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The unfinished head of Queen Nefertiti, wife of Akhenaton
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Presenting Nefernefruaten Nefertiti
In her initial portraits Nefertiti adopted the same features as her husband, but can be distinguished from him by wearing two cobras on her brow (a double uranus) as opposed to one. This portrait type is best illustrated by the colossal statues from Karnak (see below). However, in time a new portrait type emerged.
One of the colossal statues from Karnak representing Akhenaten.
There are still many questions remaining with regard to how long Nefertiti ruled for and whether she was replaced by her daughter as the principal Royal Wife. As a consequence, where statues were uninscribed it can be difficult to say with any certainty which royal female they represent. This problem is compounded by new artistic developments in the production of stone sculptures, whereby artists began to produce composite pieces carved out of different pieces of stone rather than a single block. The identification of the statue below is questionable. It is clearly from the so-called Amarna period and it could represent Nefertiti. Or it may represent one of the other royal daughters.
Limestone statue representing the principal royal wife, Nefertiti, or a princess. Copyright: The Fitzwilliam Museum, Cambridge.
You will notice the elongated head, which was characteristic of the early royal representations during this period. A natural comparison with the practice of head binding amongst for example the Mangbetu people is often made. However, I would urge caution because we cannot show a direct continuum from one culture to the other. What we can deduce is that this feature was an important enough to include in the early representations of this Kemite royal family.
The unfinished head of Nefertiti
It seems to happen with amazing regularity in Egyptology: a wonderful discovery made by lucky accident.
John Pendlebury was a British archaeologist, who in early 1933 was working in the ruins of Akhenaten's failed dream, Amarna. This was the city dedicated to the worship of his supreme deity, the Aten.
Pendlebury's goal for that season was to clear the Great Aten Temple. However things changed quickly on the 9th January 1933. Helping with the excavations was the wife of Hilary Waddington from the Antiquities Department of Palestine. Mrs Waddington was walking near the famous complex of the sculptor Thutmose, in whose workshop was found the famous bust of Nefertiti, now in Berlin. When a pottery sherd caught her eye and she overturned it, she discovered part of a plaster head. Mrs. Waddington had chanced upon another sculptor's workshop, and a side-project was born.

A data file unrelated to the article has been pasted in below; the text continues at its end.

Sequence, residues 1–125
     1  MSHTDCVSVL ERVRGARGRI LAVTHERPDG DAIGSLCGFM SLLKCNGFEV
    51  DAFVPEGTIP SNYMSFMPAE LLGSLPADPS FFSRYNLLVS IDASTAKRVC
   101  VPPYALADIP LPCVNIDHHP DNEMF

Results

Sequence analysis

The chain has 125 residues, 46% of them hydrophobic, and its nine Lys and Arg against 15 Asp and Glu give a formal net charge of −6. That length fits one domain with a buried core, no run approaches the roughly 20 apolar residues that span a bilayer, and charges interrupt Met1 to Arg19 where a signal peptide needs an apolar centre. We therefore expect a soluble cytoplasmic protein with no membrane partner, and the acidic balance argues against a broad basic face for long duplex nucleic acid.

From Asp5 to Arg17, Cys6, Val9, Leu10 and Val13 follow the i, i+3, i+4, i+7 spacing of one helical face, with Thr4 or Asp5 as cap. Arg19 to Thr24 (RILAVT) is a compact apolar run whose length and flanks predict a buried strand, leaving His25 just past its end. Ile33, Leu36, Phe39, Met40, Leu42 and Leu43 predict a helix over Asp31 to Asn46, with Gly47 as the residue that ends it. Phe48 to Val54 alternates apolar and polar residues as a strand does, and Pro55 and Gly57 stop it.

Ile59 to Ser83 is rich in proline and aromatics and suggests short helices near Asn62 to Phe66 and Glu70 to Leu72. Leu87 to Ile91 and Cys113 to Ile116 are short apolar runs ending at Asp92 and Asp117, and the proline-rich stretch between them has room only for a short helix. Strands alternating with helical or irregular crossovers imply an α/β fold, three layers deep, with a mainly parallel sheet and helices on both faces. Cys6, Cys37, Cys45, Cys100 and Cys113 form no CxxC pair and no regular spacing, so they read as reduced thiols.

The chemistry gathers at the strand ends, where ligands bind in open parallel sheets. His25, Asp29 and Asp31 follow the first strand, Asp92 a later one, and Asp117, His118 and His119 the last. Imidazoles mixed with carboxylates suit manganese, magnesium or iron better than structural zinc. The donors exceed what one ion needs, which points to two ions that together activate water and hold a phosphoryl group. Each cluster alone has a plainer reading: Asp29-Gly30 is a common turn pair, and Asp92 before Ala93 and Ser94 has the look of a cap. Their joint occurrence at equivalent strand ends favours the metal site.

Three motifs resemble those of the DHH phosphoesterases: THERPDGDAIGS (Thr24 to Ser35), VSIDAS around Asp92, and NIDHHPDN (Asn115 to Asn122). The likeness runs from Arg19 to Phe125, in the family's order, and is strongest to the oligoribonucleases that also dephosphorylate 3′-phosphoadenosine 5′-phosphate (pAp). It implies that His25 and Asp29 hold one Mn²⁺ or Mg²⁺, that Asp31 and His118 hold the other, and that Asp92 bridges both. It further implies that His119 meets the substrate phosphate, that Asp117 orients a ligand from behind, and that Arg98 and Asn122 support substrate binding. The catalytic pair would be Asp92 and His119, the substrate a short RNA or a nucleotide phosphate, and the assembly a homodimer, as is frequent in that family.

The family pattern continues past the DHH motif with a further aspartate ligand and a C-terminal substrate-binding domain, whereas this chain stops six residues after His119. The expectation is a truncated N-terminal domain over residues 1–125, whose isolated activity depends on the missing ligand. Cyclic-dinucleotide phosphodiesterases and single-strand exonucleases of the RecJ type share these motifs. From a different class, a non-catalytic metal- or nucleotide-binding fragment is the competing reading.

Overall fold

"Most impressive of the finds was undoubtedly the lifesize head in quartzite…This is unfinished, the ink marks are still there for guiding lines and part of the left-hand side of the face is still rough. The sculptor, however, was unable to resist painting the lips, even before he had finished. At the base of the neck is a dowel for fitting onto a body of a different material." Composite statues like this were common in the Amarna Period statuary.
The facial features of this head match closely to the Berlin bust, and it no doubt represents the famous Queen Nefertiti. However unlike the Berlin bust, which seems to have been a model used to teach junior sculptors, the unfinished head looks like it was very much a work in progress.
The unfinished head is now in the Egyptian Museum, Cairo. (JE 59286).
Nefertiti's tomb has never been discovered, and Nicholas Reeves is now in Luxor to meet with Ministry of Antiquities officials to discuss his theory that Nefertiti was the original owner of Tutankhamun's tomb. Next week they will examine the painted tomb walls for signs of a hidden door that Dr. Reeves proposes hides the intact burial of the queen.
Last week, that video went viral in the world for a good reason. It gave the world for the first time after nearly 3400 years how legendary beauty Queen Nefertiti may have looked like thanks to 3D imaging and forensic reconstruction.
Originally produced by Travel channel’s Expedition Unknown, Josh Gates and his team borrowed the skull of Nefertiti from the Egyptian Museum in Cairo where her mummy is.